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Shadows of the past at the Manson hideout

Shadows of the past at the Manson hideout

A favorite “short cut” into Death Valley from the west side of the Panamint Range is to go across Goler Wash. Be sure to check road conditions before entering as one year we found so many rock falls it took the joy out of driving it.

From the rocky road into Goler we were able to gain access to the Barker Ranch, infamous for once being a hideout for the notorious Manson gang in 1969.

The serene beauty of the area where this ranch is located belies the heinous deeds of Charles Manson and his gang who used it to hide from the pursuit of lawmen after their murder of five people, including Sharon Tate and Abigail Folger. The Barker Ranch is where the group was apprehended by Inyo County Sheriffs. You can read the story as an insider law enforcement account in the book Desert Shadows. Ironically my hubby worked where Manson was incarcerated for a portion of serving his life sentence.

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Camping after the Mud Creek Slide in Big Sur

Camping after the Mud Creek Slide in Big Sur

This summer 11 miles of Highway 1 was cut off to the rest of the world and only accessible via the long, windy route of Nacimiento Fergusson Rd. that takes us through the Fort Hunter Liggett military base.

Either end of this section of highway was cut off after storms brought long needed rains following a drought and terrible wildfires in Big Sur. The Pfeiffer bridge to the north was demolished by Cal Trans after deeming it unsafe due to age and storm damage. The massive Mud Creek Slide between Gorda and Ragged Point made the highway in between those 12 miles inaccessible.

Reshaped coastline from the massive land slide

New coastline:
In latter May of 2017 the Mud Creek Slide along the Big Sur coastline became the largest in known California history. The slide has changed the shape of the coastline, looking like the mountain is sticking out a big toe into the ocean. The new toe of landfill is reported to be 16 acres. The slide has closed Hwy 1 between Ragged Point and Gorda for at least a *year.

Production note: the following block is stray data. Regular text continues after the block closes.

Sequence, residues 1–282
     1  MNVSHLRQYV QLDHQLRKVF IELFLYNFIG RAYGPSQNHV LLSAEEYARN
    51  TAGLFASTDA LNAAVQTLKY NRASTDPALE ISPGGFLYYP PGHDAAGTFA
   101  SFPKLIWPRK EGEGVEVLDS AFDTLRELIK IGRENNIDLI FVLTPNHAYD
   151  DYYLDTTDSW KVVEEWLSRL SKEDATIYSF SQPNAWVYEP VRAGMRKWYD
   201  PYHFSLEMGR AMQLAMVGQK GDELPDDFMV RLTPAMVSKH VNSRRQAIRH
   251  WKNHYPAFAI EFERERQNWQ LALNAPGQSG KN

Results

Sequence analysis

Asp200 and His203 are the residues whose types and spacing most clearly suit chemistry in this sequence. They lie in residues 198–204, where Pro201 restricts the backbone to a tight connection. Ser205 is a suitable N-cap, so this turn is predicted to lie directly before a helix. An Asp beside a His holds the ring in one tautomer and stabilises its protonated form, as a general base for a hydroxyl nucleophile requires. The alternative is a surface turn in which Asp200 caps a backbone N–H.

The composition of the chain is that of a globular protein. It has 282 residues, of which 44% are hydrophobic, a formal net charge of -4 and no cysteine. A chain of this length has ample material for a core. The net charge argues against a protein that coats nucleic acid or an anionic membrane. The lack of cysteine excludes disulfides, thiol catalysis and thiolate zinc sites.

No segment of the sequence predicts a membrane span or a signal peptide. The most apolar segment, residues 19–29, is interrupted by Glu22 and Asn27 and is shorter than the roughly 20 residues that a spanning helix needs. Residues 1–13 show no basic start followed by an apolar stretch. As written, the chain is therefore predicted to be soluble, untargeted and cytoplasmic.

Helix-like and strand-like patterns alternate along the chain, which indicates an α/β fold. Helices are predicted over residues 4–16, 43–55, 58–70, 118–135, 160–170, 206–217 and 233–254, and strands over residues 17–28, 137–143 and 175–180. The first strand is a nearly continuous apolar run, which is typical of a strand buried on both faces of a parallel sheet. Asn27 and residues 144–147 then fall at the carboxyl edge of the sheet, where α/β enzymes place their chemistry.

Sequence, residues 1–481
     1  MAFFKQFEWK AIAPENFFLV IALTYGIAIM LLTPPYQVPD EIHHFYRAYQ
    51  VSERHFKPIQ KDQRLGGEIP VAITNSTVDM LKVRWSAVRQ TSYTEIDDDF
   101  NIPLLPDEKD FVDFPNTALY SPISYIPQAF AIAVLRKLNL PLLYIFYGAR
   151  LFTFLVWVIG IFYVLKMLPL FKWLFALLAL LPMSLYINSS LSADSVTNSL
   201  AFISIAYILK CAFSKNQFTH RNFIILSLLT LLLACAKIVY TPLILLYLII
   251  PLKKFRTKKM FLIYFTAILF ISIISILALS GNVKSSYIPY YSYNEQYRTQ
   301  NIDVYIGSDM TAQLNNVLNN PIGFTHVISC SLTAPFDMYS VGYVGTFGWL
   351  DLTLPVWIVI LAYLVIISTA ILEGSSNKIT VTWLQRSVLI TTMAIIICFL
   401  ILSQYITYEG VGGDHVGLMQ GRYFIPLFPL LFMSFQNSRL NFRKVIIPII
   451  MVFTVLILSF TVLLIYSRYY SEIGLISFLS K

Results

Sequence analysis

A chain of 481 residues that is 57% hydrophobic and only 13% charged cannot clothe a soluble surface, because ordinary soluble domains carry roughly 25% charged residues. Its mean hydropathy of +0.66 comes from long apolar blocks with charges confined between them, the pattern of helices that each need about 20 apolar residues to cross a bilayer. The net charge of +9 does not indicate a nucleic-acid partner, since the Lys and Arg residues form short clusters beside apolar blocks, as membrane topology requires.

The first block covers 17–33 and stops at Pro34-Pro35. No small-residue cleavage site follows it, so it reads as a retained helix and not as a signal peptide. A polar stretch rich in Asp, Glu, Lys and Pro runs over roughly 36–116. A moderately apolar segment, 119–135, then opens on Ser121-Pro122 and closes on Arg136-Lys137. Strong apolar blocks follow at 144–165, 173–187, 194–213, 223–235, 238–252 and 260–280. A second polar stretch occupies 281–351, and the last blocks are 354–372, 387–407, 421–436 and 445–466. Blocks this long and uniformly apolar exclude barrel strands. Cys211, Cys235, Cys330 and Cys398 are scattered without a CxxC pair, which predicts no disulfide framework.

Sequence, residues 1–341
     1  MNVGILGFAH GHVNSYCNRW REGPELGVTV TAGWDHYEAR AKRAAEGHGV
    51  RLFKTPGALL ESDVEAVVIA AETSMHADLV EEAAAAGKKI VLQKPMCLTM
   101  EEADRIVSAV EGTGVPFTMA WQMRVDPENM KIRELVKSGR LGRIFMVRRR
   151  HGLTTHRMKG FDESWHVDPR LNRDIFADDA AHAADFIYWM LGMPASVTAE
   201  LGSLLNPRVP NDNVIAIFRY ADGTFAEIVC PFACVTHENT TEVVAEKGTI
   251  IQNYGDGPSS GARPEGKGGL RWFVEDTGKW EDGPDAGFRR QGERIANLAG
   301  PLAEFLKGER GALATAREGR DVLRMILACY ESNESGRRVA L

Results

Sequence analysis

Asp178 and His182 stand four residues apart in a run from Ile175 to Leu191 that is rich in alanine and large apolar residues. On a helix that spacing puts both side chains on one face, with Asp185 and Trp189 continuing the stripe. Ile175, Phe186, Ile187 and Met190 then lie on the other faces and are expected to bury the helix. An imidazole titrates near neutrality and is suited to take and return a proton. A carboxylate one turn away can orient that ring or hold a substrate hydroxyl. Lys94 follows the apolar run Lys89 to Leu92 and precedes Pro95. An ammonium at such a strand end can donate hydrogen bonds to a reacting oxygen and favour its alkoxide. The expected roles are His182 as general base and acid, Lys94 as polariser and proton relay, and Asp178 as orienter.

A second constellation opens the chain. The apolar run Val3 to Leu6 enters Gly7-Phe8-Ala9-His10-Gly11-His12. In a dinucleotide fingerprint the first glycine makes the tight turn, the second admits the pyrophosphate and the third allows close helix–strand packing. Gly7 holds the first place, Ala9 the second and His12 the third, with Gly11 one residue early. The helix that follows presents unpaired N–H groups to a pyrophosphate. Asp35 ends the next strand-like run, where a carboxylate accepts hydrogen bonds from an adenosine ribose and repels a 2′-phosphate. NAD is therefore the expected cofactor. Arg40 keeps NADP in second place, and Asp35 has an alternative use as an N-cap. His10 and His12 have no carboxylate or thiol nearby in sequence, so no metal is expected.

We had the privilege of walking down the middle of the closed off highway beginning in Gorda at the road closure gate when construction crews were not at work. It is a short hike to where the 2 lane highway has been literally wiped off the mountain side with a view of the new toe of coastline. As we walked we saw water seeping out of the mountain, running alongside the road and actually seeping up out of the asphalt! The mountain was not yet finished moving, further hampering repairs. Read more

Death Valley sample itinerary and menu

Death Valley sample itinerary and menu

Part of the fun of planning your trip is getting out a good map and choosing where you want to explore. Guide books are very helpful with deciding where to drive and camp. Just be aware that back roads and campsites can change dramatically due to the harsh elements.

Adventure planning:
A favorite 4×4 road into Death Valley was impassable the last time we visited Goler Wash in 2015. A large rock slide had enveloped the road making progress so slow and rough it took the fun out of the journey – nearly an hour to travel 1 mile. We like the Goler route as it usually a “short cut” from the west side of the Panamints to visit the Barker Ranch, Stella’s Cabin, Stripped Butte and other scenic campsites. Otherwise it is a very long way around via the Park’s Highways. So, have a plan B for camping if the desert has changed the terrain from what your favorite guide book reads.

Sample itinerary with menu:
I am posting a sample itinerary of a trip we took that you can customize to your own liking.